• By Jason Howland

Mayo Clinic Minute: Study shows masks can prevent COVID-19

July 29, 2021

Mayo Clinic researchers recently published a study that shows the proper use of masks reduces the spread of respiratory droplets. The findings strongly support the protective value and effectiveness of widespread mask use and maintaining physical distance in reducing the spread of COVID-19.

Reporter Jason Howland has more in this Mayo Clinic Minute.

Watch: The Mayo Clinic Minute

Journalists: Broadcast-quality video (0:59) is in the downloads at the end of this post. Please courtesy: "Mayo Clinic News Network." Read the script.

Do face masks work at preventing COVID-19 transmission?

"Masks don't work unless we wear them," says Dr. Elie Berbari, a Mayo Clinic infectious diseases physician.

That's what Mayo Clinic researchers say they proved in a recent study.

"We found objectively that masks are critically important. They're very effective at protecting the people around you. If you're wearing a mask, you're protecting others. If they're wearing masks, they're protecting you," says Dr. Matthew Callstrom, a Mayo Clinic radiologist and one of the study's authors.

The experiments used masked and unmasked mannequins that simulated the spread of respiratory droplets and measured it at various distances.

"The most important transmission of a COVID-19 particle is a respiratory droplet. We measured the aerosol particles which are even smaller. And we found that masking was very effective even for those particles, the smallest ones," says Dr. Callstrom.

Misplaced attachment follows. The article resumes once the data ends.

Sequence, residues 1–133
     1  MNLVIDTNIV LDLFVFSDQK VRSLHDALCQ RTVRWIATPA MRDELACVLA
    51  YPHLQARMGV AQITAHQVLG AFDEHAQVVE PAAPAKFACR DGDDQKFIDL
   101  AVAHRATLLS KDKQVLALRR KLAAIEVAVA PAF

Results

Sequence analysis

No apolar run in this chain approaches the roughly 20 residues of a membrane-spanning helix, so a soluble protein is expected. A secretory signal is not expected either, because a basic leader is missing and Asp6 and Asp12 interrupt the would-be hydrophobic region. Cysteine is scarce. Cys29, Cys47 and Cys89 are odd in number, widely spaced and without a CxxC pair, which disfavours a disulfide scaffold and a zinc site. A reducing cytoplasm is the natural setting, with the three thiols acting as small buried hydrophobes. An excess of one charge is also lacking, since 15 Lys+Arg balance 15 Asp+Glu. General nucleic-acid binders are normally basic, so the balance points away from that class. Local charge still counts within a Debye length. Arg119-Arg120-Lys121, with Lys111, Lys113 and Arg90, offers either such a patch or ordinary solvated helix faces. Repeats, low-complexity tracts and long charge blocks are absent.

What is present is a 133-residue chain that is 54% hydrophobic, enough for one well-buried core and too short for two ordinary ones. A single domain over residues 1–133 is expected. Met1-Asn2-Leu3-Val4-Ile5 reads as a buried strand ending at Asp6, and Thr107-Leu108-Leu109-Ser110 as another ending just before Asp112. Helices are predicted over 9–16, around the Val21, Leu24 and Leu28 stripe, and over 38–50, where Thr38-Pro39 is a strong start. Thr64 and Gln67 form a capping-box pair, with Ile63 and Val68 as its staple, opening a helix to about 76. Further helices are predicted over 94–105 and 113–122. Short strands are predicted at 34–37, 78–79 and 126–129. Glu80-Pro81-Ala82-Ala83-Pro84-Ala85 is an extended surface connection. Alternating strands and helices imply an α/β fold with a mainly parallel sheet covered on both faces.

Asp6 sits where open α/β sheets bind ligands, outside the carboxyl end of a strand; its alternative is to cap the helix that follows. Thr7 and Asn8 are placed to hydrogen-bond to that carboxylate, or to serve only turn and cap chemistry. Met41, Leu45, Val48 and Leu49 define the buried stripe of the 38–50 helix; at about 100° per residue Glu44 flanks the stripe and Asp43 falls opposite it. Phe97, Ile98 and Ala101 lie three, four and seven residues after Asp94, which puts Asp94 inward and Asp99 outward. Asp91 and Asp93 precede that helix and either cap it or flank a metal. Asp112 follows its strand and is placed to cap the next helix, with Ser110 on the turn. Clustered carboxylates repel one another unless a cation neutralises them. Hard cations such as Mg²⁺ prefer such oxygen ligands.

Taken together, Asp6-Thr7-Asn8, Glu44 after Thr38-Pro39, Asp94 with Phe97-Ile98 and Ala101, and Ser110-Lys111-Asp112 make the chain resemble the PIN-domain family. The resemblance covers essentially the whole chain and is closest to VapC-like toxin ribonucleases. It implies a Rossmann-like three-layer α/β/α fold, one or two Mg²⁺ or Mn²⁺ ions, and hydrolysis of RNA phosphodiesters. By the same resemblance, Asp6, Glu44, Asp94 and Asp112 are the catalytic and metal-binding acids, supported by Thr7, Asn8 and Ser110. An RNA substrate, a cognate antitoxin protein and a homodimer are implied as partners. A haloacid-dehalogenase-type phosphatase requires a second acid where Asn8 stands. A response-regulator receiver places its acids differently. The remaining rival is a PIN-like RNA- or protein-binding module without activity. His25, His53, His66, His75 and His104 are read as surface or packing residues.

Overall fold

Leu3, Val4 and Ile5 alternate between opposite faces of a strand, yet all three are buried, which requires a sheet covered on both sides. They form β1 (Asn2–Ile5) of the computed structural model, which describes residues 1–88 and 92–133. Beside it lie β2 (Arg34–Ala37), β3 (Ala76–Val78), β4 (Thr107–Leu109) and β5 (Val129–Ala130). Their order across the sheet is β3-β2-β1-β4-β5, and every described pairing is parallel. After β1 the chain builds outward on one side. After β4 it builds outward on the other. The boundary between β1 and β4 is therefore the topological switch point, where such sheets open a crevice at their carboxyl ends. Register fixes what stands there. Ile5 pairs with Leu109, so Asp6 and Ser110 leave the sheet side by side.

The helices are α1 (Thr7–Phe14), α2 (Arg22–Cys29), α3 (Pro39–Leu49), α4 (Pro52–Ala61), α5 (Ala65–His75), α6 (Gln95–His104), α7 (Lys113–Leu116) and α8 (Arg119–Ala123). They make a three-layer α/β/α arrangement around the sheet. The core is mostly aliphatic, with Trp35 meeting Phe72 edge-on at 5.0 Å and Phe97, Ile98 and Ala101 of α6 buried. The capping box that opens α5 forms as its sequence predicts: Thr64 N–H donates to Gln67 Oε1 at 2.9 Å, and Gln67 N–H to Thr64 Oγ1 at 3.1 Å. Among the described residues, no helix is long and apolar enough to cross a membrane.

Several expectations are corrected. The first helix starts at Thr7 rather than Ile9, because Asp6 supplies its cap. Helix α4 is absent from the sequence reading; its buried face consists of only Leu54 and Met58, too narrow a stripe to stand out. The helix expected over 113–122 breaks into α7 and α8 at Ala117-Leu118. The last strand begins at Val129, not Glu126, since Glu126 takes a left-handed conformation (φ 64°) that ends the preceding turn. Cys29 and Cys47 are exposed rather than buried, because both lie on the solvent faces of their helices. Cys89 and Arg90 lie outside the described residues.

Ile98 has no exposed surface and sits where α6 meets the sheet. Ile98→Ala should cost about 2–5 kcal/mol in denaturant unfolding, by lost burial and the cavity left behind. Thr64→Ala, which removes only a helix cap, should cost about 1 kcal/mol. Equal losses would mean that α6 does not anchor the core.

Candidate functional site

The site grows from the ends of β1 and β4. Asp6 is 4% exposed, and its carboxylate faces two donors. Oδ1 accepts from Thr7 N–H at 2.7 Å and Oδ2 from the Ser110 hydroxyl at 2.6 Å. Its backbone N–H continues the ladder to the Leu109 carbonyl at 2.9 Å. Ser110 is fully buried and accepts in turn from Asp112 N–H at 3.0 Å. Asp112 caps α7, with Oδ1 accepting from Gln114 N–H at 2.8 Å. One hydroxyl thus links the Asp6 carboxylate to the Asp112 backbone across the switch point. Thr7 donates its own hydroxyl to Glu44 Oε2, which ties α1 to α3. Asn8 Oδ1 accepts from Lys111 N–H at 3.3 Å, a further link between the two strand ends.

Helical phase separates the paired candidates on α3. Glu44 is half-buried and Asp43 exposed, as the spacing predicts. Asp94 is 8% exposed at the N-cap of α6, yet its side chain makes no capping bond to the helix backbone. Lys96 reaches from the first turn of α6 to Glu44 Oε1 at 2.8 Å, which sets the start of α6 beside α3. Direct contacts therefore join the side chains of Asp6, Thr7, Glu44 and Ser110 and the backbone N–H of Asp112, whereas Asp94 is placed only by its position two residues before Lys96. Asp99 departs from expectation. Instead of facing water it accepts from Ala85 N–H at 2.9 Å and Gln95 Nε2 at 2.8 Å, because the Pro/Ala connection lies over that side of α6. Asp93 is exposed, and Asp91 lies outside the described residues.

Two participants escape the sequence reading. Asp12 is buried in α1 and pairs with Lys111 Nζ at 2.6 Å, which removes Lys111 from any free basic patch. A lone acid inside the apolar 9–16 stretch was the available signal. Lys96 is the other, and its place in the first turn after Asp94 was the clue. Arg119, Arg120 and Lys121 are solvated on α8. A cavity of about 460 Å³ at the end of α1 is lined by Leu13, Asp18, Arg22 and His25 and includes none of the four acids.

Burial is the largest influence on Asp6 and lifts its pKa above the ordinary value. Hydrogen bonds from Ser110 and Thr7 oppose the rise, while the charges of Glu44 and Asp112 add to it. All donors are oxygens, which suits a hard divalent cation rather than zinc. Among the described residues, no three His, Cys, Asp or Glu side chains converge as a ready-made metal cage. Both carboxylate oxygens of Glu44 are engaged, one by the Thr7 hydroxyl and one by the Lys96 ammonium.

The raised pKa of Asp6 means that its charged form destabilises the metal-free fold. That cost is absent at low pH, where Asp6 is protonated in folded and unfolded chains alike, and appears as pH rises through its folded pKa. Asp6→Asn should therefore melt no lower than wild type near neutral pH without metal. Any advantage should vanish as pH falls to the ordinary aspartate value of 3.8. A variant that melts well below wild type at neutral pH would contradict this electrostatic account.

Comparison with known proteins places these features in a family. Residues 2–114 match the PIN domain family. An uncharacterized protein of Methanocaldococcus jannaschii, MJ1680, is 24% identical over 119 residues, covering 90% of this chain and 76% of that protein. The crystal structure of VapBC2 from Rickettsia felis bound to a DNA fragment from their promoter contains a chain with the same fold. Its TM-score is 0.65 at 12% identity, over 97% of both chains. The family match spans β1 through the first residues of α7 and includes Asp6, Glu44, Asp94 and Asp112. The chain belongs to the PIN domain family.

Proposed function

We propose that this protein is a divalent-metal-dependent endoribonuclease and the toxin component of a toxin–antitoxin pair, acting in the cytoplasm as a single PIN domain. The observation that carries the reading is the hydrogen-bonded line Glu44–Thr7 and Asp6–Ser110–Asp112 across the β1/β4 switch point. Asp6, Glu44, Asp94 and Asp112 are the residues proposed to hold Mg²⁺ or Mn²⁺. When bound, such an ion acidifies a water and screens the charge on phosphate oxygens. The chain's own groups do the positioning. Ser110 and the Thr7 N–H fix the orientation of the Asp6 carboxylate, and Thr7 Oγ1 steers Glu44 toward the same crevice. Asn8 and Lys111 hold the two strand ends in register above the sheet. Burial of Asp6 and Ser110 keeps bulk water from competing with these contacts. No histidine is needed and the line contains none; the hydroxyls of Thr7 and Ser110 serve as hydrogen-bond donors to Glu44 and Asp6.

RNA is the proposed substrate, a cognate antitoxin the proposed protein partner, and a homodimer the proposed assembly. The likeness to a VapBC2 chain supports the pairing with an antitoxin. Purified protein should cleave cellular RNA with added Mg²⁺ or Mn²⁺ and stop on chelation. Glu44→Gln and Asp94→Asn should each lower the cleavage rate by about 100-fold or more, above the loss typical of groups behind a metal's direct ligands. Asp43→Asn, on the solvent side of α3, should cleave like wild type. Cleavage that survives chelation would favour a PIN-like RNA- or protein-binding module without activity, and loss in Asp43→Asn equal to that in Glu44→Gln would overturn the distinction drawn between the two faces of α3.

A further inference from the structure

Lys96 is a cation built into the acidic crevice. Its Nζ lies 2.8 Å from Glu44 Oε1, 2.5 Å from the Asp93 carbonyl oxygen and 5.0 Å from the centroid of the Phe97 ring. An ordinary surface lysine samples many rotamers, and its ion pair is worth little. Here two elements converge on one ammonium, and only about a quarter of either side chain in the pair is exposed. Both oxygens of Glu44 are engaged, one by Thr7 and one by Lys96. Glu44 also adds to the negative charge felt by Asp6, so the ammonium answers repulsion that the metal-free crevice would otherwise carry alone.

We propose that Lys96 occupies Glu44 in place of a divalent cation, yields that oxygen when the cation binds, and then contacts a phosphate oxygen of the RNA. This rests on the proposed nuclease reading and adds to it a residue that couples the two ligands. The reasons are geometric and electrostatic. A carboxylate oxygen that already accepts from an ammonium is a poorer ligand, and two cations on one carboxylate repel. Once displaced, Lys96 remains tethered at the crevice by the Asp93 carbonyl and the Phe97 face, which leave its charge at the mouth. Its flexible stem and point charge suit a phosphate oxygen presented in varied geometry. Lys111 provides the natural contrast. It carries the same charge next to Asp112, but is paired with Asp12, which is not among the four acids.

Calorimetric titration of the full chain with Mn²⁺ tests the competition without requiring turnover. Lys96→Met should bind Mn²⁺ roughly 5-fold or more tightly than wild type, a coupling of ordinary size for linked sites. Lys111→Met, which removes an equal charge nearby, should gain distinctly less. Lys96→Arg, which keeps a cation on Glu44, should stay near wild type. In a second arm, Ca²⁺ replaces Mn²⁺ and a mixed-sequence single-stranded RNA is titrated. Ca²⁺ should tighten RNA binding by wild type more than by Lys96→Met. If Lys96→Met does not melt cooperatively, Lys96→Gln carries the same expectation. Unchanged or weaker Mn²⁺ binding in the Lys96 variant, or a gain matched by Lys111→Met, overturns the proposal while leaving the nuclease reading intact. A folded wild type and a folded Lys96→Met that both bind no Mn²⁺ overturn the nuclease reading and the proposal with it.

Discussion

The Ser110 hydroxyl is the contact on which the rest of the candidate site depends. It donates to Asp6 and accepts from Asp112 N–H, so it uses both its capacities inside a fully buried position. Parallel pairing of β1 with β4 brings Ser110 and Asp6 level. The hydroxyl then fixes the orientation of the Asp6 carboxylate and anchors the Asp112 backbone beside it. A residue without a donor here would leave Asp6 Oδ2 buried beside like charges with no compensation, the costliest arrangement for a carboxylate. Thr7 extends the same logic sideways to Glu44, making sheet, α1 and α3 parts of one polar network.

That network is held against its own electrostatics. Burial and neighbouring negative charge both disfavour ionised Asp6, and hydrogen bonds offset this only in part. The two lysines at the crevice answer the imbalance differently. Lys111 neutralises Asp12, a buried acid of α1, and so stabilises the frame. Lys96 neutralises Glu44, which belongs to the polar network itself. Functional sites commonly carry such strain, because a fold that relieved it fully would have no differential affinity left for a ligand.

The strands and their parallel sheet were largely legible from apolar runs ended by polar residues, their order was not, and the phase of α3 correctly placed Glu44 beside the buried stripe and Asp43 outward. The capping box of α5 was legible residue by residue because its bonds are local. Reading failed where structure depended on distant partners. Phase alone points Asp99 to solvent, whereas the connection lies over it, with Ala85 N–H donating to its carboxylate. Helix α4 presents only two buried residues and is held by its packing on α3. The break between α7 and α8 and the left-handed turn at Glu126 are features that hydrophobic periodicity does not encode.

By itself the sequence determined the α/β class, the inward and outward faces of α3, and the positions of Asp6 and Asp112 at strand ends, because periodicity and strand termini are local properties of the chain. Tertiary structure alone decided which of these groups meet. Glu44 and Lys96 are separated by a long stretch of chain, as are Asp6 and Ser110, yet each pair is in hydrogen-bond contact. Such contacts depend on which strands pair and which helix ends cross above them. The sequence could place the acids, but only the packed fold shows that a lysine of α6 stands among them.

The study showed that disposable paper medical masks and two-layer cloth masks reduced droplet transmission.

"We're all tired of wearing masks. But I think this is really highlighting the importance of it," says Dr. Berbari.

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For the safety of its patients, staff and visitors, Mayo Clinic has strict masking policies in place. Anyone shown without a mask was recorded prior to COVID-19 or recorded in an area not designated for patient care, where social distancing and other safety protocols were followed.

Information in this post was accurate at the time of its posting. Due to the fluid nature of the COVID-19 pandemic, scientific understanding, along with guidelines and recommendations, may have changed since the original publication date

For more information and all your COVID-19 coverage, go to the Mayo Clinic News Network and mayoclinic.org.

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July 29, 2021- Mayo Clinic COVID-19 trending map using red color tones for hot spots